She knew all the Māori and Pākehā teachers there and they treated us well. High school was the same. That was Taupō-nui-a-Tia College.

Mum first taught Māori with a Pākehā, David Hill, then became the full-time Māori language teacher. While I was still a student, Mum had my baby brother — and she’d bring him to school. The principal okayed that because they were so desperate to keep her there. Mum’s senior students helped look after the baby. She breastfed him in the staffroom.

And, next minute, you’ve finished school, you’re 17, and you’re ready to leave home. Where did life take you then?

I didn’t want to go to university. There was an expectation that I would, but I didn’t want that. I’d had enough school and wanted to earn money and spend money. Fortunately, my seventh form year was the year that Tū Tangata was being promoted around high schools by Howard Morrison.

This was an initiative established in the early 1980s by Kara Puketapu, who was the secretary of the Department of Māori Affairs at that time. So Howard Morrison showed up. Talked a bit about his life. And encouraged us Māori kids to make more of ourselves.

He also had people with him from various professions, including Helen Young who worked for Radio New Zealand’s concert programme. And she was interested in me because, when we filled in some forms, I’d written that I liked classical music. An uncle who had boarded with us bought a beautiful big record player-radio. It was the latest thing in the ’70s. And Mum had bought some classical music records including Tchaikovsky’s Waltz of the Flowers, which became my favourite.

Anyway, I put this in the form and Helen invited me to Wellington for an aptitude test. At that time, RNZ was trying to bring more Māori into the radio industry. Two others were Joanna Paul and Mike Rehu who’s now the head of content at Māori Television.

They flew me down to Wellington, I sat the test, got told I’d probably make a good copywriter, and was offered a job as a cadet in the copywriting department of Radio 2ZG in Gisborne. And I accepted. So my parents and one of my kuia drove me to Gisborne, handed me over, and I started the next day.

So there you were. Writing copy. Joe’s Shoe Store, Main Street, Gisborne, Open 9 to 5. For the best shoes in town.

I’d never been to Gisborne. I met Lewis Moeau who did a Māori news bulletin and Māori language ads. It was the first time I’d ever heard the word hupamakete to describe supermarket. I made friends, played netball, joined a kapa haka and learned to do the East Coast takahi.

There were only two other Māori at the station – and one was my boss Carmen Jeory whose mother was Ngāti Porou. Her brother, Liam Jeory, was a TVNZ journalist who spent some years as a foreign correspondent.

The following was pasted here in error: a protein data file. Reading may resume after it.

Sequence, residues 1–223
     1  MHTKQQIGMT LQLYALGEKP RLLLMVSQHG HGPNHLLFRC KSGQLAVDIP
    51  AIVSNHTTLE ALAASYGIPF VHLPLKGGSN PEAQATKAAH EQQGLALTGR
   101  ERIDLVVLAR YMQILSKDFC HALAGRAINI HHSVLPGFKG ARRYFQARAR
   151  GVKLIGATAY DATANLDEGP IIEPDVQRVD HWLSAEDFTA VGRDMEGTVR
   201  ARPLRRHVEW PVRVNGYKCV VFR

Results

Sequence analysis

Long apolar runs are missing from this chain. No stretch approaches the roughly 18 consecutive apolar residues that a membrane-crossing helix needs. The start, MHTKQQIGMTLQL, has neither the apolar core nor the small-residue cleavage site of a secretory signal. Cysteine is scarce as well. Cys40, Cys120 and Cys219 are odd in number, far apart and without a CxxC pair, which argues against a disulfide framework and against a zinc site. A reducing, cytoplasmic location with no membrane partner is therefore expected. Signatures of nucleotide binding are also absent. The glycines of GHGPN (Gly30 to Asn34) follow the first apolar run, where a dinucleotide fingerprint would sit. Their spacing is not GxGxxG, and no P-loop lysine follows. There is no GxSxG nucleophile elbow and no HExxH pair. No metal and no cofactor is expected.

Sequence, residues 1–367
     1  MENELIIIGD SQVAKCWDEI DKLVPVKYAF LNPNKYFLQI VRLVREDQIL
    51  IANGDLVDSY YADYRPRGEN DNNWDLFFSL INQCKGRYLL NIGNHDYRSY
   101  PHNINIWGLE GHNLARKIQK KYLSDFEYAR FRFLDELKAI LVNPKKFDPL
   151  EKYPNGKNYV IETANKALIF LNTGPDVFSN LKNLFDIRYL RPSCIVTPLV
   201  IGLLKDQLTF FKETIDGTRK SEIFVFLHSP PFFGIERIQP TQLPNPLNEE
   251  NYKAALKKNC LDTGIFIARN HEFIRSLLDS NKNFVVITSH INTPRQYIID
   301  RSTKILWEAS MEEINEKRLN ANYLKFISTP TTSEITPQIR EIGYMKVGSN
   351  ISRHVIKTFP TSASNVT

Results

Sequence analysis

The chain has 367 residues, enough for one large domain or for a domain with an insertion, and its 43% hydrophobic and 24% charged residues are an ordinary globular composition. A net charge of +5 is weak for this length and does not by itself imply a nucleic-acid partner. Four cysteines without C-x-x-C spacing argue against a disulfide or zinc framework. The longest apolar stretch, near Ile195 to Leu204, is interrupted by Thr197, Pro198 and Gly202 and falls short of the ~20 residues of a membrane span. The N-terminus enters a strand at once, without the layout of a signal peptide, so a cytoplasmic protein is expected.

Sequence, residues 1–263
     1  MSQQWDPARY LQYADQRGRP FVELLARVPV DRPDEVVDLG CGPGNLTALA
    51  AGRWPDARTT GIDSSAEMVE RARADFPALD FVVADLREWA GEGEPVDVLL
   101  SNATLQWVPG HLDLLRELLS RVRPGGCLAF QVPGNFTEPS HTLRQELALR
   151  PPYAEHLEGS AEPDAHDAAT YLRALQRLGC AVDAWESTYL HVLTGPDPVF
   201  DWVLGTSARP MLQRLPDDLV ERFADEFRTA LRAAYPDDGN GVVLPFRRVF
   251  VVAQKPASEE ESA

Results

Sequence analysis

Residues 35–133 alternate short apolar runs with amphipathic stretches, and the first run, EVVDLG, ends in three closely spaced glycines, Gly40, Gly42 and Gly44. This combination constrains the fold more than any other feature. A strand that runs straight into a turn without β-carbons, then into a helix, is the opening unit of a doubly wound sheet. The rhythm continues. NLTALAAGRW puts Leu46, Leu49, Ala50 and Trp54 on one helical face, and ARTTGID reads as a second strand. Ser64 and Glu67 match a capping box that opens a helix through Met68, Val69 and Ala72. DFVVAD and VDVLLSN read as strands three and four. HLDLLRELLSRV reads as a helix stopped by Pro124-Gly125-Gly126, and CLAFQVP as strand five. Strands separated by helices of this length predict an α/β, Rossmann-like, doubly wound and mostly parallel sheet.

Two years on and you were in Auckland, a young fresh face in television joining the team at Te Karere. How did that come about?

I’d seen Te Karere now and then. I wasn’t too interested in television in those days. In fact, I was boarding with a Pākehā family, the Barrons in Gisborne, who were great. I lived in a caravan out the back.

One day, my uncle, Purewa Biddle, came to visit 2ZG. He worked for the Māori and Pacific Island unit in RNZ. He was related to Mum and had lived in Turangi when we were there.

He told me I was wasting my reo in this job. “Moumou nei tō rei i konei.” I said: “I don’t care. I want to stay here.” I had a boyfriend then, too. Naturally, I wanted to stay.

Anyway, he took it upon himself to direct my career. He’d been working with Derek Fox at the time, on a part-time basis. He and Whai Ngata would finish their work at Radio New Zealand, go over to TVNZ and help Derek put together the five-minute reo bulletin.

Whai and Purewa were preparing to take on full-time roles at Te Karere. So Purewa told Derek that a condition of his employment was that they bring on a cadet and that should be me. He didn’t tell me this. Instead, he told my mother and got her support, and then rang Carmen who also thought it was a great career opportunity for me.

So Carmen, Mum and Purewa pushed me to sign up. Then I had an interview with Bruce Crossan and Derek. And I got the job, even though my Māori was crap. Whai resented missing that interview. He said I probably wouldn’t have got the job had he been there. But he and Purewa both took me under their wing. I wouldn’t have survived without them.

How do you feel when you look back now at your involvement in a kaupapa that we now take for granted — and in a project that was a significant step in Māori media history?

I think it opened my eyes to the fact that I really like being part of that blue-skies, greenfields approach to anything Māori. Being with those guys and helping develop Te Karere was hard work, but it was really satisfying. It gave me a chance to absorb their experiences and see their vision for the future of Māori broadcasting.

There was the opportunity as well, as others came on board, to appreciate their reo, their skills and their personal experiences. People like Waihoroi Shortland, Rereata Makiha, Tawini Rangihau, Hone Edwards, Ruka Broughton, Tukoroirangi Morgan, Pere Maitai, John Tahuparae and Pierre Lyndon. It was just a fascinating time.

Then I landed a secondment to the BBC and lived in Wales for three months. I came back and was a bilingual reporter in Hamilton, filing stories for both Te Karere and a regional news programme called Top Half. Next, I took two years off to have babies. Derek Fox was my partner and we had two children. By the time I came back into broadcasting, it was 1990 and Mana Māori Media had been established.

We had an office in Rotorua and I worked there with a bunch of journalist-mothers. Tawini Rangihau, Ana Tapiata, Sue Wilkie, Hinerangi Barr and Hinemoa Rangihuna. And we had offices in Wellington and Papatoetoe. They were the pre-email days of typewriters, clunky computers and faxes.